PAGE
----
Canadians used to using their mobile devices for Internet service flying over other countries will get the chance to do it over their home and native land as well.
However, they’ll have to wait about a year to do it.
Gogo, which provides air-to- ground wireless service in the U.S. for a number of airlines including Air Canada, said Tuesday it will start building a network here in the fourth quarter so airlines can turn their planes into hotspots at 30,000 feet or so.
After buying access, customers who have Wi-Fi devices will be able to connect to the Internet, make calls or receive streamed content.
The announcement came after Gogo
was issued a subordinate licence to use wireless spectrum in the 3 MHz band the company got from SkySurf Canada Communications Inc.
(A Gogo antenna array. Gogo photo)
Headquartered in Broomfield, Col., Gogo said in a news release it expects to begin offering service to airlines and business aircraft flying over Canada by the end of next year.
Typically passengers buy connectivity: Usually Gogo charges US$14.95 for a 24-hour pass, which is sometimes discounted. (Right now its US$12.70.) A unlimited monthly pass costs $39.95, although some airlines offer a discount rate of US$34.95.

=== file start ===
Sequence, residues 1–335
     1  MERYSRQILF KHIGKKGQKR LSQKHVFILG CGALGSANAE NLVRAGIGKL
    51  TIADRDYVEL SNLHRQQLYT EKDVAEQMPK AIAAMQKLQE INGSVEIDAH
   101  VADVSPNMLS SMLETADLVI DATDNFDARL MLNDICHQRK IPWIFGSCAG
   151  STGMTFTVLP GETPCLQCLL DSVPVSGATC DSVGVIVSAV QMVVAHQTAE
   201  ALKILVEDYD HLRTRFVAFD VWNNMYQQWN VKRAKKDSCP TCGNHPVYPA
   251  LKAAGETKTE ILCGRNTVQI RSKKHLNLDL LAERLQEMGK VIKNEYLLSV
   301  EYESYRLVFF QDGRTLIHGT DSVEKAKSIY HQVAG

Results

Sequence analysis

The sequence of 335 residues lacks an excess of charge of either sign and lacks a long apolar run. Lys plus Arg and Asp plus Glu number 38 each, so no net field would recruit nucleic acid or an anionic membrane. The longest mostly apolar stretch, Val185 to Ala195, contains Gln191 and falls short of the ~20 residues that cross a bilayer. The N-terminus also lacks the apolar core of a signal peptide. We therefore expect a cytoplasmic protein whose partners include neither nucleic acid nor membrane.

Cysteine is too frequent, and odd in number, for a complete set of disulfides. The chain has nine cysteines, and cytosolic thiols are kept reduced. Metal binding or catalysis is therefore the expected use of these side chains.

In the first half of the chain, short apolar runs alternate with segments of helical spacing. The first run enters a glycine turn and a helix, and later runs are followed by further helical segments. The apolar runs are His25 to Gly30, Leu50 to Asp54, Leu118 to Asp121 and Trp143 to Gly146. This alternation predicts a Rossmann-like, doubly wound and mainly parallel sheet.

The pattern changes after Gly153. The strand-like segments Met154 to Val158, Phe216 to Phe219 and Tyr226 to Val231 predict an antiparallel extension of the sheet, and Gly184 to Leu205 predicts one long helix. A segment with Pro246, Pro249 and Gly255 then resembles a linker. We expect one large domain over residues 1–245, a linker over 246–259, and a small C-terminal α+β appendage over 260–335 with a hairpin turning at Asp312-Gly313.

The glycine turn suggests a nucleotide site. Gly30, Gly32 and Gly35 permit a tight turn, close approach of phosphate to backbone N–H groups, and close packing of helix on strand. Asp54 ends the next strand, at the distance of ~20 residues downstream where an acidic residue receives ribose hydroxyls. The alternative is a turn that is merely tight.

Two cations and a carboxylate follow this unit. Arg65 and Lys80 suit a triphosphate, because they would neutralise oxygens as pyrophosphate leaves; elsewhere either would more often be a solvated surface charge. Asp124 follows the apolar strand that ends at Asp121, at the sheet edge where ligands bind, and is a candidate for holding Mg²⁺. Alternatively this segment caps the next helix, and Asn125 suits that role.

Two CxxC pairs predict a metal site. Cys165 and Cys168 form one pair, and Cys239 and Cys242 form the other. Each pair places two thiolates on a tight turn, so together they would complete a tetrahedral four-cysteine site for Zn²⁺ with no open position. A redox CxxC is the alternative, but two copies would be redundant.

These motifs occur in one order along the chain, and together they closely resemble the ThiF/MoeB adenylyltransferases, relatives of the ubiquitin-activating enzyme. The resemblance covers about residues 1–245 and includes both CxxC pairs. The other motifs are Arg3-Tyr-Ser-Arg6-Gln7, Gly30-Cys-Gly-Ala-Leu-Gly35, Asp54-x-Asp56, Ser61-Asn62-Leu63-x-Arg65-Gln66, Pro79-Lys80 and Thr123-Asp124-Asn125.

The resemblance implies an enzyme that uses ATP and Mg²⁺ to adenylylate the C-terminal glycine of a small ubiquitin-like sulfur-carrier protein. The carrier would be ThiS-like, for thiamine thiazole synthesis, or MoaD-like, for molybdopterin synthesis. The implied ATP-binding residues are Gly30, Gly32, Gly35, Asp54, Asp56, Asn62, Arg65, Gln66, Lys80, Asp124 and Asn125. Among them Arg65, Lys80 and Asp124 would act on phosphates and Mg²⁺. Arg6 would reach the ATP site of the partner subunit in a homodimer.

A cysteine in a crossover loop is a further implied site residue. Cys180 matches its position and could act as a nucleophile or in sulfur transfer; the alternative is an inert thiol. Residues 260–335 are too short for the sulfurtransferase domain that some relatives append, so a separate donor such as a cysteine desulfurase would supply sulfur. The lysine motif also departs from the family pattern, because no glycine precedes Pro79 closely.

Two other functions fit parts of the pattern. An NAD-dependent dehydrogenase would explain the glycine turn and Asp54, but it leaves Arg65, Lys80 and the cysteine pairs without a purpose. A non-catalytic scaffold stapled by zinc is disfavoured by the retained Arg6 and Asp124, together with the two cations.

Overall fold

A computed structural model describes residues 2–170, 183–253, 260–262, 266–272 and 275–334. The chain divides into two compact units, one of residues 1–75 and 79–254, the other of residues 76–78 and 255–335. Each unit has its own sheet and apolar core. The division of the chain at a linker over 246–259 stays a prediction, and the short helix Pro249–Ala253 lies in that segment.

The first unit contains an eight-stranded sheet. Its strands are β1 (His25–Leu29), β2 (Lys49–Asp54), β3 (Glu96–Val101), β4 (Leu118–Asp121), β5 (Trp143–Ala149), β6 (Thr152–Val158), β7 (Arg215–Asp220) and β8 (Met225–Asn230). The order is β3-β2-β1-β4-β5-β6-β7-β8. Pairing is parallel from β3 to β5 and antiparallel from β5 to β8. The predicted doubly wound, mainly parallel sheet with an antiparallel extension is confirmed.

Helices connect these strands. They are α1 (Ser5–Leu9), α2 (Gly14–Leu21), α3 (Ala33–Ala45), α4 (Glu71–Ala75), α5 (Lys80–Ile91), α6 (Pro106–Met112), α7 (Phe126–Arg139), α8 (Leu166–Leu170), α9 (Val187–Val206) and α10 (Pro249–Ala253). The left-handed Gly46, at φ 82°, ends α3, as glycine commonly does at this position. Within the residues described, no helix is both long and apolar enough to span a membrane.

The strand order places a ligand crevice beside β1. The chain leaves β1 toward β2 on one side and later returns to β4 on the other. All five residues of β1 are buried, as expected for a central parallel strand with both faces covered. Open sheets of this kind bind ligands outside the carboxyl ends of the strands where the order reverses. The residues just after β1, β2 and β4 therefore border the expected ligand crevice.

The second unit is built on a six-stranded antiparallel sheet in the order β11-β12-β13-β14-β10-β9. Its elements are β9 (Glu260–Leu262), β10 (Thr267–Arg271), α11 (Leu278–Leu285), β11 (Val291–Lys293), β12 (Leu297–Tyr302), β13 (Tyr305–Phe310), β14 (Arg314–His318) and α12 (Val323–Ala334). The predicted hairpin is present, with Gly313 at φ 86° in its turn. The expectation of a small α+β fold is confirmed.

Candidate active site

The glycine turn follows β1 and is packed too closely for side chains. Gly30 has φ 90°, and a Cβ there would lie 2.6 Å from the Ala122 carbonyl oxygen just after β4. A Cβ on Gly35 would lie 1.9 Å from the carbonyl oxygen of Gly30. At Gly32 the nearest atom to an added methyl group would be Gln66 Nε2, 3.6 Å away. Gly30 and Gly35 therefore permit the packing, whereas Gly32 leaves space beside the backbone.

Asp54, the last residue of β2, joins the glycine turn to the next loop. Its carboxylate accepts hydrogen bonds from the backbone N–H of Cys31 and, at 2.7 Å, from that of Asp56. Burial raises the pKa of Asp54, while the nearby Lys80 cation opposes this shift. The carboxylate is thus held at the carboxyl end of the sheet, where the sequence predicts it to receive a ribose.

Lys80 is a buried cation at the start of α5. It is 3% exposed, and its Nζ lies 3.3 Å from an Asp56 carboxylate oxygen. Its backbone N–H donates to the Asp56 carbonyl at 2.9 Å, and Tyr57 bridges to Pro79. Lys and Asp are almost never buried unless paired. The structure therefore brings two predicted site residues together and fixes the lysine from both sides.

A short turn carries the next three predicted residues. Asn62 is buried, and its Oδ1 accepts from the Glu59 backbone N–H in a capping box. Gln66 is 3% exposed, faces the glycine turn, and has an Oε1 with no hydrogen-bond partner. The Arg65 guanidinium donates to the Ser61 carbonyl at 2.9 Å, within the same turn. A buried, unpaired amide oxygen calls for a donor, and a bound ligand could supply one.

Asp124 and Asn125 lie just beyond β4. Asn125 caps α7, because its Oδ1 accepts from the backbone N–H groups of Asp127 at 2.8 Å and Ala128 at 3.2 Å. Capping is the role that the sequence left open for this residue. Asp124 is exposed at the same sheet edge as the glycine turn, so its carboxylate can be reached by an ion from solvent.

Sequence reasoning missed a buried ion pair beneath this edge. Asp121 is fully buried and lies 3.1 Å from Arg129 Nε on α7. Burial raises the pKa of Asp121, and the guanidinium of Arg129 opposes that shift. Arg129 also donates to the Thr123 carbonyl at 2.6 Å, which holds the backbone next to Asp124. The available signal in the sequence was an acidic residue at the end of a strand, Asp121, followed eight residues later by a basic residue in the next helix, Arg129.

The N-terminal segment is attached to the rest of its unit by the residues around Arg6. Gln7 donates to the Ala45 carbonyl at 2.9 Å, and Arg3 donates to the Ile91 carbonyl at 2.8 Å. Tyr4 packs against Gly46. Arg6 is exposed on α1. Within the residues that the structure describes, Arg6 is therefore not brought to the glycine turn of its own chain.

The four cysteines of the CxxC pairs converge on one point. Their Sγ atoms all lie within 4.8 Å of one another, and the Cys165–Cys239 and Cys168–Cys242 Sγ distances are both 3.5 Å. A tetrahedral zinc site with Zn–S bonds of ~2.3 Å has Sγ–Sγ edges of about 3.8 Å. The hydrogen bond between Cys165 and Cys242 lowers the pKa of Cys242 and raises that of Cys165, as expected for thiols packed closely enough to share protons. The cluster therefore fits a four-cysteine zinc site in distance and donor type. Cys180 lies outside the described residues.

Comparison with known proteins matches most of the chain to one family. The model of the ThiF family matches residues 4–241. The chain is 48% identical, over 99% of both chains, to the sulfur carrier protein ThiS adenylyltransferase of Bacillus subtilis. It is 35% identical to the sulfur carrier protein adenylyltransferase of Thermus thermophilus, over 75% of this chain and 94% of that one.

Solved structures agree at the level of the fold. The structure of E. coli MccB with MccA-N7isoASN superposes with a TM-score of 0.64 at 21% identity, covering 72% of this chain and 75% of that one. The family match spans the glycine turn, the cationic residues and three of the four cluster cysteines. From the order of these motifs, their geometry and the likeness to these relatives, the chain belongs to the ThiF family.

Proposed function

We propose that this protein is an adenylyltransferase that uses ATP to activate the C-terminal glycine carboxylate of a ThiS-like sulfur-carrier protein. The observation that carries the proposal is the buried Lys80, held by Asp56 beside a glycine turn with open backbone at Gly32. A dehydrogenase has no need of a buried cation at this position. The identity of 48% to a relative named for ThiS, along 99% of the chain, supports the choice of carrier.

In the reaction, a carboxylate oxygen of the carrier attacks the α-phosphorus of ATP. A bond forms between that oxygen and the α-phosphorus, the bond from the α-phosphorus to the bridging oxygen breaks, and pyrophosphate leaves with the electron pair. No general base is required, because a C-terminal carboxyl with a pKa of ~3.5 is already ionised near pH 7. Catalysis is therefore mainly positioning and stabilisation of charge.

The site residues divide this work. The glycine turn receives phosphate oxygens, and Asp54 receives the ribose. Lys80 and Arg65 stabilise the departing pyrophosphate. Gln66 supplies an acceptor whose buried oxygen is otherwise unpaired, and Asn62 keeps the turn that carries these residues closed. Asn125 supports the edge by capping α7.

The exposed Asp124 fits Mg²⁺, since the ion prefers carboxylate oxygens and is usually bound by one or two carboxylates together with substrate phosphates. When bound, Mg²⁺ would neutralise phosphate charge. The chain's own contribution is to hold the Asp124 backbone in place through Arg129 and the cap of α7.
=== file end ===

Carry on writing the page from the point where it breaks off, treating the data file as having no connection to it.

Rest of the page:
Gogo’s Web site says devices with virtual private networks can be used on the service, although it cautions that VPNs aren’t inherently secure.
The company said it couldn’t offer more details about its Canadian plans because it is about to go public and is in a mandated quiet period.
However, in a news release it said the Canadian network will operate in the same frequency as Gogo’s existing wireless network in the U.S., so it will be able to offer seamless service on cross-border flights.
The statement said the network will focus initially on Canadian routes served by Gogo’s existing U.S. and Canadian commercial airlines. That would include Air Canada, Delta Airlines, American Airlines, SU Airways and United Airlines.
An Air Canada spokesman wouldn’t commit to the airline offering service here, saying that “we continue to evaluate the technology.”